1. The Romans were in the habit of as in Afranius, VS.), (iii) 'Ariaderno reciting their literary productions either (farce, acted by annateurs), vi. 71. (iv) in private circles, or in public assemblies. Taßspragiced (low comedy),(v) 'Pirewizone The latter were held sometimes in the (burlesque tragedy), (vi) Navridagiaf temple of Apollo, sometimes in spacious (the actors wore the recinium, see F.) mansions, either bired, or lent for the viii. 191. and (vii) Mspusxn (low farce, purpose by a wealthy patron, who ex acted by mummers). (*) From the acpected the attendance of his clients and tors wearing asuxès xengridas. (b) From dependents to swell the audience and the respective dresses, prætexta, pallium, applaud the author. cf. vii. 40. Pers. and toga. JS. () From Atella, a town prol. 7. Hor. I S. iv. 73. M. I S. iii. of the Osci, in Campania. F. (d) Because 36. II E. ii. 67. A very picturesque shopkeepers, &c.'were the classes reprepassage of Pliny describes the listlessness sented. (9) From Rhintho, one of the which pervaded such meetings: lente authors. (") From being acted not on a cunctanterque veniunt, nec tamen per- raised stage. REU. Prætexte and Togatæ manent, sed ante finem recedunt ; alii dis are sometimes used as the generic terms simulanter et furtim, alii simpliciter et for. Tragedy' and Comedy;' Hor. A.P. libere; I E. xiii. G. PR. II E. xiv. R. 287. cf. Virg. Æ. i. 286. PR. R.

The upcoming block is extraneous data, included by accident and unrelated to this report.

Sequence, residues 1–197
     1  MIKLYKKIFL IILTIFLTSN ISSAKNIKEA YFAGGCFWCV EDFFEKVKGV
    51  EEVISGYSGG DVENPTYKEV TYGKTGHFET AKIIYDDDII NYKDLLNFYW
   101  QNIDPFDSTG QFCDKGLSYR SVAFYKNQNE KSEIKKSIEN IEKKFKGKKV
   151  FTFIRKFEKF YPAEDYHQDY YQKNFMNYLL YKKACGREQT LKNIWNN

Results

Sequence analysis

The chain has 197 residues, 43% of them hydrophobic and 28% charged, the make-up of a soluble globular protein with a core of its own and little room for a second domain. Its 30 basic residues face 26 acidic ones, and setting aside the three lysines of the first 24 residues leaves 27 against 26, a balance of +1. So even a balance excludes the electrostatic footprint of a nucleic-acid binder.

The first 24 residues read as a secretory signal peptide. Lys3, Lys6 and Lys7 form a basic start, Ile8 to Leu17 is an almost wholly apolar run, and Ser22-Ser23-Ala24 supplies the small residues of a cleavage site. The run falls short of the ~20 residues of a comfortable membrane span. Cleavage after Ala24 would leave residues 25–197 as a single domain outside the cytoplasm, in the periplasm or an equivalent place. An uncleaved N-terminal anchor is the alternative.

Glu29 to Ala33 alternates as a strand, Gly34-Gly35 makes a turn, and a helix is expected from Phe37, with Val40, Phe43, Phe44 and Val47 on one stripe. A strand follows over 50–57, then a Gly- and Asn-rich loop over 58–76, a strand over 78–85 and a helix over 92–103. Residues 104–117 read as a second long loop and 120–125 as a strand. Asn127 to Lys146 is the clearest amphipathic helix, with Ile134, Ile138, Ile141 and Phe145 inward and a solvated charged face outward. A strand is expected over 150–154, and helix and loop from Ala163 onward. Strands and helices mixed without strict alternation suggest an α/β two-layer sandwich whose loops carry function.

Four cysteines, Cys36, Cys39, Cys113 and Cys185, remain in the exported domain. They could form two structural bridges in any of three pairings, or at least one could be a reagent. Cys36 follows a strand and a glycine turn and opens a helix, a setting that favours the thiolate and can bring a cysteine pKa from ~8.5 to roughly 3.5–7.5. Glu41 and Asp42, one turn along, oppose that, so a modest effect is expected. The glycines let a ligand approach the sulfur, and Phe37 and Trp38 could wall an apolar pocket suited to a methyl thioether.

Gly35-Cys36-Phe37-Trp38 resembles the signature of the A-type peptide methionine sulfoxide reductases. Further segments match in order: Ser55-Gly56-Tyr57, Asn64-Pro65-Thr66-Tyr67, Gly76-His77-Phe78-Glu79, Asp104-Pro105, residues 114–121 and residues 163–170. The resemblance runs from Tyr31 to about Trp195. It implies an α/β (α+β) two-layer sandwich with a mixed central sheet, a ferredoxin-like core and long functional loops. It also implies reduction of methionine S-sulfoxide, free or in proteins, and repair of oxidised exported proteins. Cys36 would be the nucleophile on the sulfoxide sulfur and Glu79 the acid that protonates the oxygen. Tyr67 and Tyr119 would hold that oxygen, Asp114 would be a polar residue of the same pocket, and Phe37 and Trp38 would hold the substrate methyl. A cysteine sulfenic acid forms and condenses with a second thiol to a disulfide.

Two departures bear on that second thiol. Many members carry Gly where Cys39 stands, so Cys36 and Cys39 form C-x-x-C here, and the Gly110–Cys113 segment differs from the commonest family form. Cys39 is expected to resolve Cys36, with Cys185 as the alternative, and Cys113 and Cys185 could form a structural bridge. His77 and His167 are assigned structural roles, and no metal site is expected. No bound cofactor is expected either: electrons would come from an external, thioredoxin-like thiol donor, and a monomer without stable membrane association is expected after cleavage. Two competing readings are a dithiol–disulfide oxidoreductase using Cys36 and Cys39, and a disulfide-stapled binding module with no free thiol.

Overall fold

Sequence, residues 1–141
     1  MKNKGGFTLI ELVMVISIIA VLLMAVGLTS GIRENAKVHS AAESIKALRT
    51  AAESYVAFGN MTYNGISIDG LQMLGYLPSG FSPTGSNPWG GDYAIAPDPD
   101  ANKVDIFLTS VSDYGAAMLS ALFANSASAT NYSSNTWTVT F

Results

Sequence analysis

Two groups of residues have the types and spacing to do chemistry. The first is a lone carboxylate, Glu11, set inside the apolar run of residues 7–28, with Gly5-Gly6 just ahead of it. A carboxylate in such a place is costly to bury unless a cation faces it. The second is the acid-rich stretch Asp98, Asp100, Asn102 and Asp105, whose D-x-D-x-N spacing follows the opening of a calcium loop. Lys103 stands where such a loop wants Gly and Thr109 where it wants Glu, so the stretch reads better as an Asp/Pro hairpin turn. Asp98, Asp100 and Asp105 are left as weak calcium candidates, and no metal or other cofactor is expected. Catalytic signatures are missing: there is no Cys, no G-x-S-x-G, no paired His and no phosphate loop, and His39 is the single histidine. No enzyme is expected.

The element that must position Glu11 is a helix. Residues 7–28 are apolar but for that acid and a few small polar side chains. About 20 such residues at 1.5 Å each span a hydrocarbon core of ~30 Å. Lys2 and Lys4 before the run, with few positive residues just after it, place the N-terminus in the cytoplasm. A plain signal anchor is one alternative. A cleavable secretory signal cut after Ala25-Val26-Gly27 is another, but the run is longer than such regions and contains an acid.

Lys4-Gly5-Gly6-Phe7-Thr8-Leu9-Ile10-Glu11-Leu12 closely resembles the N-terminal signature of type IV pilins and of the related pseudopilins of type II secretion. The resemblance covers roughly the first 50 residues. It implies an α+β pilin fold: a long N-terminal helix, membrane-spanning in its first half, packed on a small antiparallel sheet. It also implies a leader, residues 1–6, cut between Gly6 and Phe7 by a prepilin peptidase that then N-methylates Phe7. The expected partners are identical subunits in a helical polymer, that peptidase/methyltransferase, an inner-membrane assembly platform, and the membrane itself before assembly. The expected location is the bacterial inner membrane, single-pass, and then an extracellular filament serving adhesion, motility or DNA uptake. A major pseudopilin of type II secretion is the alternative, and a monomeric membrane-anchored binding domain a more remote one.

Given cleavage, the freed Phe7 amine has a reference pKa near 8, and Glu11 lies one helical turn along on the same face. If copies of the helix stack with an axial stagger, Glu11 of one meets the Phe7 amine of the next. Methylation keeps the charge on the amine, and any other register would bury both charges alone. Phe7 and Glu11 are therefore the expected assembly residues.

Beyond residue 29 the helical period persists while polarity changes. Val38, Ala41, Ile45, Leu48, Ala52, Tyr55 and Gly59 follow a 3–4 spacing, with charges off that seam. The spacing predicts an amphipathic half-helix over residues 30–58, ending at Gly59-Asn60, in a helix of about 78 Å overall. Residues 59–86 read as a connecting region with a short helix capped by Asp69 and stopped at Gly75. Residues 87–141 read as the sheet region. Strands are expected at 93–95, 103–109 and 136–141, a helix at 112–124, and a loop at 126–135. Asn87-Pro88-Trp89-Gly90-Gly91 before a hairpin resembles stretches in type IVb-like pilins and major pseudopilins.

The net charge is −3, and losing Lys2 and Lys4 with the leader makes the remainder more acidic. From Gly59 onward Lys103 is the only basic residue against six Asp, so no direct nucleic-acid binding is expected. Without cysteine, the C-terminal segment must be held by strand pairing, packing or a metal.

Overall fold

• Reponere' is a metaphor taken from 4. These poems consisted of hexameter repayment of a debt incurred : possum aud pentameter verses alternately, which jam repetere recessum, et scribere aliquid, metre is hence called elegiac.' cf. Hor, quod non recitem ; ne videar, quorum reci- A. P. 75 sqq. M. cf. Pers. i. 51. HR. tutionibus adfui, non auditor fuisse, sed Consumserit (Livy xxvii, 13, 3. ED.) creditor : nam ut in cæteris rebus, ita in Auditur tolo sæpe poeta die; Mart. VIII. audiendi officio, perit gratiu si reposcatur ; lxx. 10. PR. Ingens, ' bulky, lengthy, Plin. 1 E. GR. It is equivalent to par pom pous;' cf. Hor. A. P. 96 sq. R. puri referre, PR. as ira est cupiditas do 5. Telephus, son of Hercules and Auge, loris reponendi; Sen. de I. i, 3. HK. the hero of this tedious tragedy, was a king
2. Horace amusingly describes the per- of Mysia, who was mortally wounded by tinacity of these declaimers, A. P. 474 the spear of Achilles, but afterwards